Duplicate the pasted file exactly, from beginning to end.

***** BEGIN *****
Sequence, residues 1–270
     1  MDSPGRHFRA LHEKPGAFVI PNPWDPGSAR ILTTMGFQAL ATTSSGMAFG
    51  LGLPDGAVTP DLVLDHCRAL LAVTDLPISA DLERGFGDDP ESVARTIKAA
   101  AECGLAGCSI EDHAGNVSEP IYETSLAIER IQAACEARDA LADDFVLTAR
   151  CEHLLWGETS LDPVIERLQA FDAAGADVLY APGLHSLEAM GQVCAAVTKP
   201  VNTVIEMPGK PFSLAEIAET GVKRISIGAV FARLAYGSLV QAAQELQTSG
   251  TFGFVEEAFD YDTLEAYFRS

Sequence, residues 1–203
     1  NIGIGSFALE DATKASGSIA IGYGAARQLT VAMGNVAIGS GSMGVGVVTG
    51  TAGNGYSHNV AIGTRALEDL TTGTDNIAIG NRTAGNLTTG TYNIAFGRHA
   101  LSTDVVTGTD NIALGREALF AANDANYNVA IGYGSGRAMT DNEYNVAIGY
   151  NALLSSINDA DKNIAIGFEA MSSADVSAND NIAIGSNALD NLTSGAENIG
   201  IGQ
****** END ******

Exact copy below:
Sequence, residues 1–270
     1  MDSPGRHFRA LHEKPGAFVI PNPWDPGSAR ILTTMGFQAL ATTSSGMAFG
    51  LGLPDGAVTP DLVLDHCRAL LAVTDLPISA DLERGFGDDP ESVARTIKAA
   101  AECGLAGCSI EDHAGNVSEP IYETSLAIER IQAACEARDA LADDFVLTAR
   151  CEHLLWGETS LDPVIERLQA FDAAGADVLY APGLHSLEAM GQVCAAVTKP
   201  VNTVIEMPGK PFSLAEIAET GVKRISIGAV FARLAYGSLV QAAQELQTSG
   251  TFGFVEEAFD YDTLEAYFRS

Sequence, residues 1–203
     1  NIGIGSFALE DATKASGSIA IGYGAARQLT VAMGNVAIGS GSMGVGVVTG
    51  TAGNGYSHNV AIGTRALEDL TTGTDNIAIG NRTAGNLTTG TYNIAFGRHA
   101  LSTDVVTGTD NIALGREALF AANDANYNVA IGYGSGRAMT DNEYNVAIGY
   151  NALLSSINDA DKNIAIGFEA MSSADVSAND NIAIGSNALD NLTSGAENIG
   201  IGQ